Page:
November 22, 2017
A few wet, heavy snowflakes settled on rooftops and mailboxes in parts of Indiana on Halloween morning. Is that a sign of things to come yet this winter? Time will tell.
Ken Scheeringa, associate climatologist with the Indiana State Climate Office, says the firmest prediction for the winter of 2017-18 is wetter-than-normal conditions across Indiana. He bases that statement on the winter forecast from the Climate Prediction Center, part of the National Oceanic and Atmospheric Administration.
“A La Niña is developing according to CPC, and we had a La Niña event last winter,” Scheeringa says. “The one this year will likely not be as strong as the one a year ago.”
The La Niña pattern helps determine where the jet stream sets up for the winter, he says. A La Niña is the cool phase of the ENSO cycle, or El Niño-Southern Oscillation. The cycle consists of La Niña, neutral and El Niño, which is the warm phase. After last winter’s La Niña dissipated, ENSO has been in the neutral phase for most of the summer and fall.
The La Niña phase means that tropical Pacific Ocean waters are cooler than normal. This affects barometric pressure, which in turn affects air circulation patterns around the globe. No two La Niñas are alike, but enough have been documented that forecasters generally know what to expect in various areas around the world when one develops. That’s playing a major role in the CPC expecting a wetter-than-normal winter season for Indiana, Scheeringa says.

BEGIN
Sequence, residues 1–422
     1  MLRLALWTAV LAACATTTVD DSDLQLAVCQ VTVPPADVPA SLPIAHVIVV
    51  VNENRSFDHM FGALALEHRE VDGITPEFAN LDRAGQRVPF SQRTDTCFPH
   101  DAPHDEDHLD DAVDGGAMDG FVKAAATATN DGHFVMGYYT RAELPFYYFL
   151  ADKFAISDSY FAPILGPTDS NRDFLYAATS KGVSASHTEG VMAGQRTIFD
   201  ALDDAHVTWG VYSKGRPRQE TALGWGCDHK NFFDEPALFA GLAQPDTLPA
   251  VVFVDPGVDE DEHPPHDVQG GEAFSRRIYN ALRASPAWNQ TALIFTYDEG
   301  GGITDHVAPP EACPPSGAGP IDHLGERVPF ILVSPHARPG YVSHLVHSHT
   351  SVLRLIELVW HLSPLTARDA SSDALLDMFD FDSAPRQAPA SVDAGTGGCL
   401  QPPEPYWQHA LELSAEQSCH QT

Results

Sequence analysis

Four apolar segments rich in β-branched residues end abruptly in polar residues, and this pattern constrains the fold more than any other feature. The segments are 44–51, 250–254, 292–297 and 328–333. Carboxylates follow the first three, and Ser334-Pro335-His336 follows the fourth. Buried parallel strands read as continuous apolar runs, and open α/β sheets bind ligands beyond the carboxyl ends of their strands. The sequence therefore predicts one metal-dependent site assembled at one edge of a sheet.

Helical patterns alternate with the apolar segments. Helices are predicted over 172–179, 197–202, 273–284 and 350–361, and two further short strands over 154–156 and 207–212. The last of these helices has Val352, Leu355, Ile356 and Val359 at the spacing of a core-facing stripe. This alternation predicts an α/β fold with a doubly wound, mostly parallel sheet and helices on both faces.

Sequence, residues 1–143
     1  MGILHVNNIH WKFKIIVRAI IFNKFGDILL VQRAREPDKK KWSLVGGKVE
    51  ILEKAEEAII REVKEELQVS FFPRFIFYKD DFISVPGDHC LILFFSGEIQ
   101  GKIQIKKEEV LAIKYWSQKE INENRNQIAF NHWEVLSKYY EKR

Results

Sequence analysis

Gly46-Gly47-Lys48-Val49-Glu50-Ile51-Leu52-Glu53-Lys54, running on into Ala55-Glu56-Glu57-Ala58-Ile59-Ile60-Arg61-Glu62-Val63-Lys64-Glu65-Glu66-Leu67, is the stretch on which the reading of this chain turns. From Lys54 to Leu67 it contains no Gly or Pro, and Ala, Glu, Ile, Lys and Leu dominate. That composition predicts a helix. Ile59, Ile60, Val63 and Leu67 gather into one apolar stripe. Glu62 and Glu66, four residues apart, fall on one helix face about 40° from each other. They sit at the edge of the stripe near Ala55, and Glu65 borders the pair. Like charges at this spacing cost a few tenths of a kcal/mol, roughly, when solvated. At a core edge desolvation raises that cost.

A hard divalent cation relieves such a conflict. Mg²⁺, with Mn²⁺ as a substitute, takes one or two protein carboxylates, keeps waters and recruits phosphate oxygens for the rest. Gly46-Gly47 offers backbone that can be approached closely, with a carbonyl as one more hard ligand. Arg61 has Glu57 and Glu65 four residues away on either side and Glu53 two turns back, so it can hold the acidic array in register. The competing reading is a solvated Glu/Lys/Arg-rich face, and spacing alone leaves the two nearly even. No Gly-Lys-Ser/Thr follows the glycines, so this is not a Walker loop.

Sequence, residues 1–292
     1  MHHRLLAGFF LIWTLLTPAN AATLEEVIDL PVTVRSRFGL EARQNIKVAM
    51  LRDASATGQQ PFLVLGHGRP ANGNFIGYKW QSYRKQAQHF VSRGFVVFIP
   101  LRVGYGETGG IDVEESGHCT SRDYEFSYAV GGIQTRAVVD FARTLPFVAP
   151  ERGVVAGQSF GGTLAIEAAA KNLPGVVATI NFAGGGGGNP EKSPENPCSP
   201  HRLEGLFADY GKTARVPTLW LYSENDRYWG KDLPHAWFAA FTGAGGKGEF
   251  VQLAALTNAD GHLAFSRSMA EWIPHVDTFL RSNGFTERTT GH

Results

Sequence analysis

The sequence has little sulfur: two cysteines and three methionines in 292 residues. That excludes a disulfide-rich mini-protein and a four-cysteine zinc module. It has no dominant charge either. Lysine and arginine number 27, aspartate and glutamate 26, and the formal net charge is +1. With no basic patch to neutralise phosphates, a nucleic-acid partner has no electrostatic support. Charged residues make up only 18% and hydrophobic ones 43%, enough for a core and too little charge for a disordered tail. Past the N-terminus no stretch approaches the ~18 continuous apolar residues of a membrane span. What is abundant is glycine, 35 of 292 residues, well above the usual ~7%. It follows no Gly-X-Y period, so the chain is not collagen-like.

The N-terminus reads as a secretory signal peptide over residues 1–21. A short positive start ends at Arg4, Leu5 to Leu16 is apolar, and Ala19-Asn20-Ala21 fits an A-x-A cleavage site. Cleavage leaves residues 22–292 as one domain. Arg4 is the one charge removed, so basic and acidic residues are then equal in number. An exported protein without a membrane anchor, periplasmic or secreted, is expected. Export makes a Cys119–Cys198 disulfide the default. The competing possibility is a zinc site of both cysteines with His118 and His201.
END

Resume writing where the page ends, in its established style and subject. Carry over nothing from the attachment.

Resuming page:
What everyone wants to know is if there will be more snow than normal this winter. Will it be a good winter for sledding and snowmobiling? Should you get your snow blower out and tuned up so it’s ready to go?
The jet stream will likely dive down into the continental U.S. from Alaska on occasion this winter. There is a good chance of colder-than-normal temperatures in the Great Plains, Scheeringa says. However, it’s a mixed bag on temperature for Indiana. Officially, the CPC gives equal weight to a colder, warmer or normal winter regarding temperature. That leaves the question of how much snow you can expect wide open.
Scheeringa says if he were pushed out onto a limb, he suspects that the front part of winter might feature cooler weather, with warmer-than-normal weather in late winter.
However, the ENSO cycle doesn’t operate in a vacuum, he notes. There are other factors that also influence winter weather patterns across the Midwest and in Indiana. The Arctic Oscillation, for example, can influence the number and frequency of cold outbreaks that occur during winter. “The problem is that this particular factor can only be predicted about two weeks in advance,” Scheeringa says. “We can’t depend on it to give us a good indication of what will happen as far as temperature goes during the entire 12 weeks of winter.”
Remember that climatologists count winter as the period from Dec. 1 through Feb. 28. So will you need a snow shovel or an umbrella? You decide. Or if you want to hedge your bets like many weather forecasters do, you might have both on hand!
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